I wanted to produce a list of statistics labelled with the statistic name, for exchange with a database.

I defined

defaultStatsHeadings = {"Mean", "Variance", "Skewness", "Kurtosis", "excessKurtosis", "GeometricMean", "Median"};

(where excessKurtosis is user-defined)

and then a function that would apply these as function names to a set of data

(* Most functions are happy, but GeometricMean complains that what is passed is not 
non-empty (i.e. its empty because it's on Hold)... but calculates when released -> Just 
quieten that message *)
statsByHeadings[data_, headings_:defaultStatsHeadings]:= 
                    ToExpression[ToString[statsHeadings[[i]]]<>"["<>ToString[Hold[data]]<>"]"], {i,1,Length[headings]}

(where the Re[] is only really for GeometricMean if the result is complex)

This works, but on application to a large dataset (~1 million values) it is almost two orders of magnitude slower than the direct application of the individual functions.

I think what is happening is that where I wanted to refer to the data by symbol I am actually referring to it by values - and the ToString is converting 1 million values for each call.

So, this was clearly a naive and bad way to achieve my objective.

Question how should/could I achieve the application of functions by name strings as described and how does the right approach work, i.e. I'd like to understand better the use of Hold etc. in this context


I don't see that any of the Hold tricks are necessary here at all. Isn't the following already doing what you need?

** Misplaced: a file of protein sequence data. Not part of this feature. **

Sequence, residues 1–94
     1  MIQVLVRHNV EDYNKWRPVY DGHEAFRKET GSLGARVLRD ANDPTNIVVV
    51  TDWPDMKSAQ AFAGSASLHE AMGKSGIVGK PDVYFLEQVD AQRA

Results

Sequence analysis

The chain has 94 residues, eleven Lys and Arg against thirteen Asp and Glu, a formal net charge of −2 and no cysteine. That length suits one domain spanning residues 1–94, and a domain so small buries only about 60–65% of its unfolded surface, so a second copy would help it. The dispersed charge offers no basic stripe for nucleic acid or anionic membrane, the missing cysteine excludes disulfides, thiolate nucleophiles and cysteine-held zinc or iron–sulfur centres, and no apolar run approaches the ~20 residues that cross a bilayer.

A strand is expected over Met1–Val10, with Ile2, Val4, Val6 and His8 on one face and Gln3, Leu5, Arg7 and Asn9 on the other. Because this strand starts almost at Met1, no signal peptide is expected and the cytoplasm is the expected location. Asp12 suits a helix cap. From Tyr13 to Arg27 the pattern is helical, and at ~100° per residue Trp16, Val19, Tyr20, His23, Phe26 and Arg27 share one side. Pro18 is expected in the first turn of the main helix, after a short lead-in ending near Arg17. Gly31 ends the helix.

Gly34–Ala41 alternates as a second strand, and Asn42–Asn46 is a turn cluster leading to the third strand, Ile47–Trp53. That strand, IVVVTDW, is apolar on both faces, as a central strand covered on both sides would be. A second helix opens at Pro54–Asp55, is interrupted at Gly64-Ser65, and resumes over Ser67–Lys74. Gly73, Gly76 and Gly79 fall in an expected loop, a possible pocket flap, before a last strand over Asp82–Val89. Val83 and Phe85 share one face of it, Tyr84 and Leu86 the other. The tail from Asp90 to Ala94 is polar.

statsByHeadings[data_, headings_: defaultStatsHeadings] :=

Are you aware of the fact that it is completely supported to collect your "headings" as a list of symbols (or if you like functions) instead of their names as strings? That would make the code even more straightforward:

defaultStatsFunctions= {Mean, Variance, Skewness, Kurtosis, excessKurtosis, GeometricMean, Median};

statsByHeadings[data_, functions_: defaultStatsFunctions] := Re[Through[functions[data]]];

I would also suggest to think about returning an association which will make it easier to identify which number was for which function. And if you need Re only in one case, I would only apply it for that case, which could be done like this:

statsByHeadings[data_, statsFunctions_: defaultStatsFunctions] := 
      (statsFunctions /. GeometricMean -> (Re[GeometricMean[#]] &))[data]

You should also note that this definition will make it possible to use pure functions or function compositions (@* is the shortcut for Composition) in the list of functions, e.g. you could do something like:

 defaultStatsFunctions = {Mean, Variance, Skewness, Kurtosis, 
    excessKurtosis, Re@*GeometricMean, Median};

 statsByHeadings[data_, statsFunctions_: defaultStatsFunctions] := 
    AssociationThread[statsFunctions, Through[statsFunctions[data]]]
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  • $\begingroup$ I was thinking strings->functions; clearly better to think functions first then get their names as strings by SymbolName. As for the rest..."Through" yet another function I hadn't encountered; exactly the sort of revelatory simplification I was looking for - thank you; nonetheless, I'll wait the customary 24hrs before accepting, just in case... $\endgroup$ – Julian Moore Nov 3 '18 at 13:11
  • $\begingroup$ Thanks also for the Association idea. Also introduced me to "@*", which can''t be searched for in the documentation, but, for other's benefit = Composition. $\endgroup$ – Julian Moore Nov 4 '18 at 7:28
  • $\begingroup$ @JulianMoore: good point, I added that information about Composition to the answer. Thanks for the accept $\endgroup$ – Albert Retey Nov 4 '18 at 19:40

Define the function like this:

defaultStatsHeadings = {Mean, Variance, Skewness, Kurtosis, excessKurtosis, GeometricMean, Median};

Now the Quiet is unnecessary as it will be evaluated instantly. There is no need for the Hold Then:

statsByHeadings[data_, headings_:defaultStatsHeadings]:= 

This will give the correct results.

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